2005-09-17 11:53 UTC Window of Opportunity
Back in August I tried an experiment: two weeks offline with family and friends in Switzerland. It was awesome. Extremely relaxing and full of that personal growth stuff. Thus, I have decided to give it another try. I'm going to take another two weeks off, mostly Internet-free again, this time on the US East Coast.
Back on the WHATWG spec, the section I'm currently working on is the local network broadcast feature, which would allow applications written as Web pages running on browsers on devices in a LAN or PAN to communicate. This would allow things like party lines, multi-player games, and the like.
For Ethernet networks, I'm leaning towards a UDP-based system. Each packet would consist of the broadcasting page's domain, a colon, and the page data (text encoded as UTF-8) to the broadcast address, on a known port. The domain would then be used to ensure that only Web pages from the same domain could read that data. Well, Web pages and any native applications, of course — we want to allow anyone to write native code that interacts with these pages. (For example, a game server could be written in C++ and run somewhere on the local network, with the game client written in HTML and served from a known network address. Since the server knows the address, it knows what address to put on its headers, and which packets to read from the network when it receives some.)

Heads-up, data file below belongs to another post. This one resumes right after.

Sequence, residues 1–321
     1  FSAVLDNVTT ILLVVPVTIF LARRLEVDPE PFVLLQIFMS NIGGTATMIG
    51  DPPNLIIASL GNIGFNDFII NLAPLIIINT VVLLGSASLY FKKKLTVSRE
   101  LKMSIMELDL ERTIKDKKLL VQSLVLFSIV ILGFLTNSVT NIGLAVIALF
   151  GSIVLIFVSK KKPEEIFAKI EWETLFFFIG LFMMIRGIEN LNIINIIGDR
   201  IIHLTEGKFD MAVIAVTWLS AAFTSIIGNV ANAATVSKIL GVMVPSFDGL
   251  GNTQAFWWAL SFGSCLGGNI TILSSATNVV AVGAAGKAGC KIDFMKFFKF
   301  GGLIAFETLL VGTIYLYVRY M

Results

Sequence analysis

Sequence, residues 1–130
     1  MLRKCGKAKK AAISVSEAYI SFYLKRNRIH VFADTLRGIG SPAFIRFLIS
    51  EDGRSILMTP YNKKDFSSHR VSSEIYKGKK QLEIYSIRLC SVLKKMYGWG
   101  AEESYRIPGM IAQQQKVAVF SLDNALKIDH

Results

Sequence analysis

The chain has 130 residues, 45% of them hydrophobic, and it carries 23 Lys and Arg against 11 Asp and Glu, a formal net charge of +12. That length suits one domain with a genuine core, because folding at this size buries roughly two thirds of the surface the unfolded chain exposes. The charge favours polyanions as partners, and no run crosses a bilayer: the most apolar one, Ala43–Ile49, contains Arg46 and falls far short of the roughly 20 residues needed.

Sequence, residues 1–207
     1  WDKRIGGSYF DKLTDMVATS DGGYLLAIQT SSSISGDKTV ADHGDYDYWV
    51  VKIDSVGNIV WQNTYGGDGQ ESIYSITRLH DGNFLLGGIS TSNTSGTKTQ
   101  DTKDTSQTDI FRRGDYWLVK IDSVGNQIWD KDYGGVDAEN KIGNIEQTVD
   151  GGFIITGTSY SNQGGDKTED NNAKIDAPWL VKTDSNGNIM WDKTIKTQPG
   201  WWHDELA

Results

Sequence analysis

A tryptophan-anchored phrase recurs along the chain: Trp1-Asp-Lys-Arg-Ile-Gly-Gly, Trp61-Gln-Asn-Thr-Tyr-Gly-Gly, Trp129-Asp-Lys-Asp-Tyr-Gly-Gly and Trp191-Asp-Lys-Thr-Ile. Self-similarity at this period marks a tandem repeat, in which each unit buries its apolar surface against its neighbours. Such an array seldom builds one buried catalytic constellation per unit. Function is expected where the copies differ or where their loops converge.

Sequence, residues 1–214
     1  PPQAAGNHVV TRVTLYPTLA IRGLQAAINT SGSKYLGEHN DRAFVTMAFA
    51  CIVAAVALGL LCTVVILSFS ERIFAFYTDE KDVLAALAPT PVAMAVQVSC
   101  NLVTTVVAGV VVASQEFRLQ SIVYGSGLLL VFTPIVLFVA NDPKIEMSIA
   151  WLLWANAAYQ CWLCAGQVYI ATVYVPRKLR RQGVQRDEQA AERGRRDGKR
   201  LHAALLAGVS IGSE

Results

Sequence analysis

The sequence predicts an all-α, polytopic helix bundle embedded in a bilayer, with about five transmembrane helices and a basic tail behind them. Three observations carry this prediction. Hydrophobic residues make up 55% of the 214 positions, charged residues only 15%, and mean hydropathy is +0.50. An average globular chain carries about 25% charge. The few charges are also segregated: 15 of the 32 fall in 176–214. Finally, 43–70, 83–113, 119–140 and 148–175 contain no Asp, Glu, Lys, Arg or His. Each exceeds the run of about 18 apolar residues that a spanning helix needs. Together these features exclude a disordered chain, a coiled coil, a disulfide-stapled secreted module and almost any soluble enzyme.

I'm not sure what size packets to allow; research has suggested that if you want UDP packets to make it through the Internet you might want to limit yourself to 512 byte packets since those are the biggest size that will usually make it through intact (since some routers apparently drop bigger packets rather than fragmenting them, or something). But the idea here is local-network broadcast, not distant unicast, so fragmentation over routers seems irrelevant. That would suggest we could allow up to the full 65507 byte packets (216-1 - 8 (UDP packet header size) - 20 (IPv4 packet header size), or 65487 if we want to be forwards-compatible with IPv6 (IPv6 headers are 20 bytes longer). Then the question becomes "how do we handle transmissions above this limit"? I guess we just raise an exception, but it seems odd to allow US-ASCII users to send more text than people using, say, the plane-1 Shavian alphabet.
Sadly I know very little about those levels of the networking stack, so I'm probably spouting nonsense. If so, don't hesitate to moan at me so I can fix it.
Even worse than not knowing much about Ethernet, though, I don't know anything about Bluetooth and similar standards. I tried reading the Bluetooth spec but its 1230 pages overwhelmed me.
It would be really cool to transparently support things like Bluetooth as well, though. What I want is a way to broadcast to any listening device the name of the broadcasting page's domain, and the data that the page is sending. Anyone know how to specify this?